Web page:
The Slowdown in the Growth Rate of the U S Economy From 1973 to 1995

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The Slowdown in the Growth Rate of the U.S. Economy From 1973 to 1995. The US economy exhibited a dramatic slowdown between the years 1973-1995 when compared to the two decades before that period and the years since 1995. Volumes have been written to explain the elusive reason of this prolonged downturn, but economists have been unable to reach a consensus on the cause. The reasons have ranged from low levels of education and an untrained workforce to the spike in petroleum prices that began in 1973. Most economists that have examined this problem have attempted to find a single suspect or a magic bullet. However, the case is much more complex than that. The downturn was caused by a confluence of negative factors that combined to form the perfect economic storm. The most influential factors that caused the downturn during the period of 1973-1995 were the high cost of oil, the low investment of Ramp.D, and a low confidence in fiscal economic policies.
No single factor garners more attention as the cause of the drop in productivity beginning in 1973 than the price of oil. It is a highly visible economic factor and their rising prices coincided in time with the downturn. This coincidence alone is not significant evidence and Olson argues that the cost of energy is too minor to account for the dramatic drop (46). However, Jorgenson points to a second price rise beginning in 1978 and contends that the high price of oil was responsible for a loss of productivity growth in over 80% of the 35 industrial sectors that the study analyzed (34). Economists have questioned this contention by pointing to the collapse of oil prices in 1986 and asking why productivity did not recover (Olson 57). The high cost of energy was passed along and buffered and Olson contends that oil …had a significant indirect impact on the productivity slowdown (44). These indirect influences will tend to aggregate over time and there would not be a direct coincidence with time. The lingering effects of spiking continued to effect productivity long after they had fallen as productivity was being decreased by other factors as well.
Technology and the changing face of the automated workplace have also played a part in the downturn. Technology comes from research and development. Griliches points out that research and development levels had begun to rise as early as 1978 (14). The time lag between research and reward may account for the long lead time between a reduction of Ramp.D and a slowdown in productivity. The research during World War II contributed to the economic boom of the 1950s. Research and development was cut back in the early 1960s, but its effect was not felt until the 1970s. Likewise the increase in Ramp.D spending in the early 1980s did not reflect an increase in productivity until the 1990s. This is made even more clear by the role that information technology (IT) played in the recovery in the mid 1990s. Stiroh argues that there is a, …deeper relationship between IT investment and productivity growth (1574). This IT and its related technologies were developed during the period of the 1970s and 1980s when Ramp.D spending was rising. The decline in Ramp.D spending in the 1960s served as a catalyst for the lower productivity a decade later.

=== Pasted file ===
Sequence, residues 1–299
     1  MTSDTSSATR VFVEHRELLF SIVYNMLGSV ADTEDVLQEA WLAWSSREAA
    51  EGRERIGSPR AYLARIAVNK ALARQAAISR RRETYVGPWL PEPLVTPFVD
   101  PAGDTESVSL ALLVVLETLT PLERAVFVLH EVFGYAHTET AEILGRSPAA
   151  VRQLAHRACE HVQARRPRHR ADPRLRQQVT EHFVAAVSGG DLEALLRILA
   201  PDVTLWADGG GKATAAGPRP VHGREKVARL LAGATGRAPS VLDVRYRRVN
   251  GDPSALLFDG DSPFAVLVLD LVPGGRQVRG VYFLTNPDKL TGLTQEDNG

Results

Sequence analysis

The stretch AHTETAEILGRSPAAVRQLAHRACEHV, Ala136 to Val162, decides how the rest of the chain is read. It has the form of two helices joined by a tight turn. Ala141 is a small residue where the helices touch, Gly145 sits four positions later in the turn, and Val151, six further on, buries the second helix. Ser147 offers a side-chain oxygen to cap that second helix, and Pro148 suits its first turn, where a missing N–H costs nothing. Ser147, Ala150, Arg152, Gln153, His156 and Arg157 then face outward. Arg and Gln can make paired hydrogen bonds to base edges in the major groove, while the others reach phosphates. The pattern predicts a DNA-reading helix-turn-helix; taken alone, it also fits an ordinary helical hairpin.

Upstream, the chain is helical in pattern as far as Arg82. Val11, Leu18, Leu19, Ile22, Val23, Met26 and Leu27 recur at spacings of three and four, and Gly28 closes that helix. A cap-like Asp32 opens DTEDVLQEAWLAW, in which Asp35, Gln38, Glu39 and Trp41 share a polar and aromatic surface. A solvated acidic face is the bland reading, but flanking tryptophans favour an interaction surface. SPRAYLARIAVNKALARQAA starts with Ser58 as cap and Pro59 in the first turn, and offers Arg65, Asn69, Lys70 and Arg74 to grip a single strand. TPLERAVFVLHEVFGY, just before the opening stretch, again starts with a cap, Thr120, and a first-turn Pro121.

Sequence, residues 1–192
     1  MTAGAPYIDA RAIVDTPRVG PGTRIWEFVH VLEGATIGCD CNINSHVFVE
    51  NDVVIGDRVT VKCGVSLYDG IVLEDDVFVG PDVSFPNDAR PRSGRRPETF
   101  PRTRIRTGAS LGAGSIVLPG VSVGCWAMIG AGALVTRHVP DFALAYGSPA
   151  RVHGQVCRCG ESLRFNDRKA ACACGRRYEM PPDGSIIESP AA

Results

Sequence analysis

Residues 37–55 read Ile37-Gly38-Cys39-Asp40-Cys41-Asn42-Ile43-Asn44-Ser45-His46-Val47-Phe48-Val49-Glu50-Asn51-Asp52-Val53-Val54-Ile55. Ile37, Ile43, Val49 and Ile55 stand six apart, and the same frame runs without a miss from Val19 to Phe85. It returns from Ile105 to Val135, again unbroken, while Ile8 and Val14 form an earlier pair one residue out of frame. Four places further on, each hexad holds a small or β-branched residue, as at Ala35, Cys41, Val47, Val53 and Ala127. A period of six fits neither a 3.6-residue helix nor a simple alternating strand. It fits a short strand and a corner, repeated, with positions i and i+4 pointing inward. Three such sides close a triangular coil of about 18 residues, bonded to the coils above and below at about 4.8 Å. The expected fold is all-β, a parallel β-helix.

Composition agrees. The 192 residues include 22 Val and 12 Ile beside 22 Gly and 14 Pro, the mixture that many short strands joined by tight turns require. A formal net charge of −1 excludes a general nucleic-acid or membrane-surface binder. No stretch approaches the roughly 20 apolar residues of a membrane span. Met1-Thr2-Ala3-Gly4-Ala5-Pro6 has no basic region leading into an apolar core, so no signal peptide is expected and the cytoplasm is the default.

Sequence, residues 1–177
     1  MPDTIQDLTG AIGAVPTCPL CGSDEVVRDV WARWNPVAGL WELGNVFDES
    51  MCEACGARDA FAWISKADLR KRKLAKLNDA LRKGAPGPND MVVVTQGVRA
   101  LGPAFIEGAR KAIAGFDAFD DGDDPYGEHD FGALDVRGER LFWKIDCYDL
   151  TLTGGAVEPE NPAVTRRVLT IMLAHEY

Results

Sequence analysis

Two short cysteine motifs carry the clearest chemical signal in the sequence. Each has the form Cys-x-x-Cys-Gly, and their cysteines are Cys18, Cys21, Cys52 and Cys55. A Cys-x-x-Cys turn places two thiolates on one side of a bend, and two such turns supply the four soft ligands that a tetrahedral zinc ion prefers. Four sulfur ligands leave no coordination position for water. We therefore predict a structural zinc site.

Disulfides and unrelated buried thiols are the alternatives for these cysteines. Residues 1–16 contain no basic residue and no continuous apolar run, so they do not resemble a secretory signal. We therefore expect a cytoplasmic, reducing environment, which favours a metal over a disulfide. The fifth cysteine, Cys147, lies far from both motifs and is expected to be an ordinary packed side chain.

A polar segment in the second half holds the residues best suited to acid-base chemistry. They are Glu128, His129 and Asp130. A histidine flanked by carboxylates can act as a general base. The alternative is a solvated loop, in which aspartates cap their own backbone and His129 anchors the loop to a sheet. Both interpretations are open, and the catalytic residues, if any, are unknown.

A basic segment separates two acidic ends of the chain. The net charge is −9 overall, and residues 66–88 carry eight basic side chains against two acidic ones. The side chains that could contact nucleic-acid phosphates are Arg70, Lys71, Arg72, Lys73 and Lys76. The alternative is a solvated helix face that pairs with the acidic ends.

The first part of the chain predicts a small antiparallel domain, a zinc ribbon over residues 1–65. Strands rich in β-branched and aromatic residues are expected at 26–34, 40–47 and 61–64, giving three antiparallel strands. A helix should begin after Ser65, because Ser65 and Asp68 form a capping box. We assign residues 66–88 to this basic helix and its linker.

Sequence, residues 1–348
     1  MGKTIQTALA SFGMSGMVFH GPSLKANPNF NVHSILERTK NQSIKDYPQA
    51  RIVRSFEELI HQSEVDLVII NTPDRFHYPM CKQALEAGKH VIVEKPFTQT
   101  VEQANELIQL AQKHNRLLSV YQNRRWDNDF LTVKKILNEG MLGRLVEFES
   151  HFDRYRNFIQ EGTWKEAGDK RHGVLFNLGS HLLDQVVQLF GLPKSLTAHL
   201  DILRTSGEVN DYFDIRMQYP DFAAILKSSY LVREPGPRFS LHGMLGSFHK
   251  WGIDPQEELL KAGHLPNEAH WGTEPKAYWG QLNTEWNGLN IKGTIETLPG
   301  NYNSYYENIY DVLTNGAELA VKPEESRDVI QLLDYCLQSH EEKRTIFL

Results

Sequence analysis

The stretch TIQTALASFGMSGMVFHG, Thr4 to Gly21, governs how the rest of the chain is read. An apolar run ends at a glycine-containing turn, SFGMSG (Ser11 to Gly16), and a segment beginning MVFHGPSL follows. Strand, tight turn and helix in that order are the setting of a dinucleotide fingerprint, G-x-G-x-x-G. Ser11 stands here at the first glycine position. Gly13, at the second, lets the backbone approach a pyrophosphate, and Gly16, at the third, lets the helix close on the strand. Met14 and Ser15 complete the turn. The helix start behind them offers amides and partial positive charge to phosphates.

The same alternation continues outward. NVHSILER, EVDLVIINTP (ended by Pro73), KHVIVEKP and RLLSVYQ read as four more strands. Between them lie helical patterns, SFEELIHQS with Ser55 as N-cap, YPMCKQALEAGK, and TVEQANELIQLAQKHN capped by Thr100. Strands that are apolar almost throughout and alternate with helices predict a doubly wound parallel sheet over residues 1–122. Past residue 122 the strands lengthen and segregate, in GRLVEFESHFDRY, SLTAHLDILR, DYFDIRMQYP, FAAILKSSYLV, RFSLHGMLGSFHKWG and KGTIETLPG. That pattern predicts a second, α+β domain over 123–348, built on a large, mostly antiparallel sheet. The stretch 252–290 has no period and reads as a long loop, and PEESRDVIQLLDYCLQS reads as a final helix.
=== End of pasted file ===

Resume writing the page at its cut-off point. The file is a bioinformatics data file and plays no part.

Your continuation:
As the price of oil and lack of emerging technology was pushing productivity down, the less quantifiable issue of confidence in government economic policy also played a role. Jermann and Quadrini contend that, …the mere prospect of high future productivity growth can generate [. . .] an economic expansion as well as sizable gains in current productivity of labor (414). This is what was absent during the period of 1973-1995. The post Watergate era that began in 1973 was followed by a series of weak presidencies that were unable to build confidence in their economic policies. Ronald Reagan was the only president to be reelected during this era and his policies had been based on the theory of supply side economics, which is a topic of much debate. Without the belief in a future prospect of increased productivity, there can be little reason to invest in the present.
In conclusion, there was no single cause of the downturn in productivity between 1973 and 1995. Most researchers agree that the rising cost of oil played a significant part either directly or indirectly. The reduction of research and development funding in the 1960s left industry with fewer emerging technologies to exploit. While these critical factors drove down productivity, the government was unable to gain the confidence of the market, the consumer, or the business community. The cause of the downturn during this period was a multi-faceted failure that became the perfect economic storm.

Works Cited

Griliches, Zvi . Productivity Puzzles and Ramp.D: Another Nonexplanation. The Journal of Economic Perspectives 2.4 (1988): 9-21. JSTOR. 26 Oct. 2007.

Jermann, Urban J., and Vincenzo Quadrini. Stock Market Boom and the Productivity Gains of the 1990s. Journal of Monetary Economics 54 (2007): 413-32. Elsiver. 26 Oct. 2007.

Jorgenson, Dale W. Productivity and Postwar U.S. Economic Growth. Journal of Economic Perspective 2.4 (1988): 23-41. JSTOR. 26 Oct. 2007

Olson, Mancur. The Productivity Slowdown, The Oil Shocks, and the Real Cycle. The Journal of Economic Perspectives 2.4 (1988): 43-69. JSTOR. 26 Oct. 2007.

Stiroh, Kevin . Information Technology and the U.S. Productivity Revival. The American Economic Review 92.5 (2002): 1559-76. JSTOR. 26 Oct. 2007